How much financial and investing advice should you give to a career civil servant who’s got a million-and-a-half dollars in his Thrift Savings Plan?
Federal workers have worried that Congress will base their pensions on a less generous formula. Mike Causey says there’s nothing to worry about … yet.
What do buyouts at the Defense Department have in common with matsutake mushrooms? They are both very valuable and very rare.
The Trump administration wants to find out how many people work, as in really work, rather than are employed, at the U.N., the State Department and other federal agencies.
Senior Correspondent Mike Causey asks which of the long list of proposed changes to federal retirement is most likely to succeed.
Ever see the play Waiting for Godot? It’s about two smart guys who sit around for hours waiting for a guy named Godot who never shows up. That’s how many feds feel about buyouts.
Federal workers are buzzing over some proposed pension changes, says Senior Correspondent Mike Causey.
With Congress and the White House proposing major changes in the federal retirement program, many retirement-eligible workers are considering retiring soon (like this month or next) in order to beat the changes.
Senior Correspondent Mike Causey asks, if somebody at the office had an emergency and needed extra vacation time, would you help if you could?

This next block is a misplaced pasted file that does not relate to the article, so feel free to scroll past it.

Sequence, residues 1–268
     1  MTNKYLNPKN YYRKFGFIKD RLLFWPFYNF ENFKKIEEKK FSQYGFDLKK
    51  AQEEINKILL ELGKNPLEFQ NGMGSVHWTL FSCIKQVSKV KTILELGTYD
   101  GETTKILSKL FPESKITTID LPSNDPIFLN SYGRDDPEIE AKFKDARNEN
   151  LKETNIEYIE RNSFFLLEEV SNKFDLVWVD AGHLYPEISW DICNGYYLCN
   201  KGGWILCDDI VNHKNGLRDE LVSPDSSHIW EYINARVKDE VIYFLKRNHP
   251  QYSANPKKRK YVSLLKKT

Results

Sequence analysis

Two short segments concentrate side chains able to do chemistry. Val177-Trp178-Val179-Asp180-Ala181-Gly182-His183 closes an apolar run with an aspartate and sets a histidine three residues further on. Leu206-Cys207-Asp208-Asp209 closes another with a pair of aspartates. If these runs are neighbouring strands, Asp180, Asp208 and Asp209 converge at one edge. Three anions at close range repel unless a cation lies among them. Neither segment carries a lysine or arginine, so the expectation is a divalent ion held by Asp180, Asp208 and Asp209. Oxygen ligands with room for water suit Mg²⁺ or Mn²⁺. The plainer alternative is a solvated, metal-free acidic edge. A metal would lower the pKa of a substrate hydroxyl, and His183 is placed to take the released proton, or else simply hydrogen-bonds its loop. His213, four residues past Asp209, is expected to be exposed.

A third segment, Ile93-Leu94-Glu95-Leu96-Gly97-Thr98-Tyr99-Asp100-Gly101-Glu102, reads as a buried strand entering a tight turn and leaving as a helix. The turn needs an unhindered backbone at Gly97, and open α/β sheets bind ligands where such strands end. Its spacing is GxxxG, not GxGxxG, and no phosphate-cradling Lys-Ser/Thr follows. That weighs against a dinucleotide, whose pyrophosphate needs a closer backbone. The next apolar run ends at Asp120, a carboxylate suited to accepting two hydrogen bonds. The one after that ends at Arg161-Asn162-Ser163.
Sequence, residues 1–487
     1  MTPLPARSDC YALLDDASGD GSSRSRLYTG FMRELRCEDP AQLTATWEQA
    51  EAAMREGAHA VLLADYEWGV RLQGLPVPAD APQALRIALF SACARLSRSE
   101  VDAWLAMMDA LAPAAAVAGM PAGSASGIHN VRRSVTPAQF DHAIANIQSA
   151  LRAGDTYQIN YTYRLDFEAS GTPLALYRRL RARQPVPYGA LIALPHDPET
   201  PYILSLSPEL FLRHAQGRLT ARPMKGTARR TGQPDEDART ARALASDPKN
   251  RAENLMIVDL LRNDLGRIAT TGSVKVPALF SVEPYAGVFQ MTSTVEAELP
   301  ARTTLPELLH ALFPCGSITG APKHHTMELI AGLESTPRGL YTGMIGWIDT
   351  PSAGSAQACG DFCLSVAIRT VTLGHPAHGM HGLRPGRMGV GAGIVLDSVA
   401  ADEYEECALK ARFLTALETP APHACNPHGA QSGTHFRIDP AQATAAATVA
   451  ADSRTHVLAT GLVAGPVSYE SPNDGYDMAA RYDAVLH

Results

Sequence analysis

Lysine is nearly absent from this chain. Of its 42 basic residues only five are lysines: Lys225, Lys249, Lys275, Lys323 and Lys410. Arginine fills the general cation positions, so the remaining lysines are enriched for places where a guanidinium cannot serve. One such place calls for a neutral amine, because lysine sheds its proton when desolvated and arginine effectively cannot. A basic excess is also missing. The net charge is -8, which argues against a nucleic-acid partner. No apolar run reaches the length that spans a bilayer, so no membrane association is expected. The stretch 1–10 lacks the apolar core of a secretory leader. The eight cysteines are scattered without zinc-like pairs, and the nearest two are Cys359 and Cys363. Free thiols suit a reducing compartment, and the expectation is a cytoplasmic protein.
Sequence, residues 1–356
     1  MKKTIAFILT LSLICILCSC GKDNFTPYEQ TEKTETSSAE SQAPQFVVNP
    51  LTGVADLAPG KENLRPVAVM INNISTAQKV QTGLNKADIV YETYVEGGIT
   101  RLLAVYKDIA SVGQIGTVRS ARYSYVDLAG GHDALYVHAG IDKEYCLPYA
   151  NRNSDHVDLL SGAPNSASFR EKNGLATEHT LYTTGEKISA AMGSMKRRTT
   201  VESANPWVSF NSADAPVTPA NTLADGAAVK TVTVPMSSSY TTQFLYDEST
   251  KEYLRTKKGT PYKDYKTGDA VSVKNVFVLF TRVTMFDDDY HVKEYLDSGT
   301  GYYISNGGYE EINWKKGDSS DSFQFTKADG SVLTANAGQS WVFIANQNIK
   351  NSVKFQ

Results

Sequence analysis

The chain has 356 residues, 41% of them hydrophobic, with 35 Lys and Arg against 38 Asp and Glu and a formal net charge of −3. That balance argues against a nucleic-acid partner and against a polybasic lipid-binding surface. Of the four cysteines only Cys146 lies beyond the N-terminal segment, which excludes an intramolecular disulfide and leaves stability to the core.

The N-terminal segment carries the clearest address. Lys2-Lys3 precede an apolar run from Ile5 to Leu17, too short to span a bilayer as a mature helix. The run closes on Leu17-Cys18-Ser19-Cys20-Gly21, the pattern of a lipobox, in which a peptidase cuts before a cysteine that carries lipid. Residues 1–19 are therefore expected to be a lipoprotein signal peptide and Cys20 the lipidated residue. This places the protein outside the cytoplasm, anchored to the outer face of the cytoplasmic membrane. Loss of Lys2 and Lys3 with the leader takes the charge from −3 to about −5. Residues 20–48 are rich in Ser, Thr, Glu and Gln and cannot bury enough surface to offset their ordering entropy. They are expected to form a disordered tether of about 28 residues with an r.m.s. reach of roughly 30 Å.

Senior correspondent Mike Causey wants to know what, if any, of the currently proposed retirement changes will go into effect, and when.
Congress and the White House are considering several proposals to slim down or eliminate portions of the federal retirement program. Will they pass and if so, how will they affect you? Find out when NARFE Legislative Director Jessica Klement joins host Mike Causey on this week’s Your Turn. September 20, 2017
Want to scare a retirement-age federal worker to death? Give him or her a high-five, as in the proposal to base their annuity on the employee’s highest five-year average salary and years of service.
Senior Correspondent Mike Causey says we see the best of people and the government, even as politicians continue to wheel and deal with a government shutdown as the ultimate threat.
Senior Correspondent Mike Causey says feds still have time — retirement changes aren’t set in stone (or legislation) yet.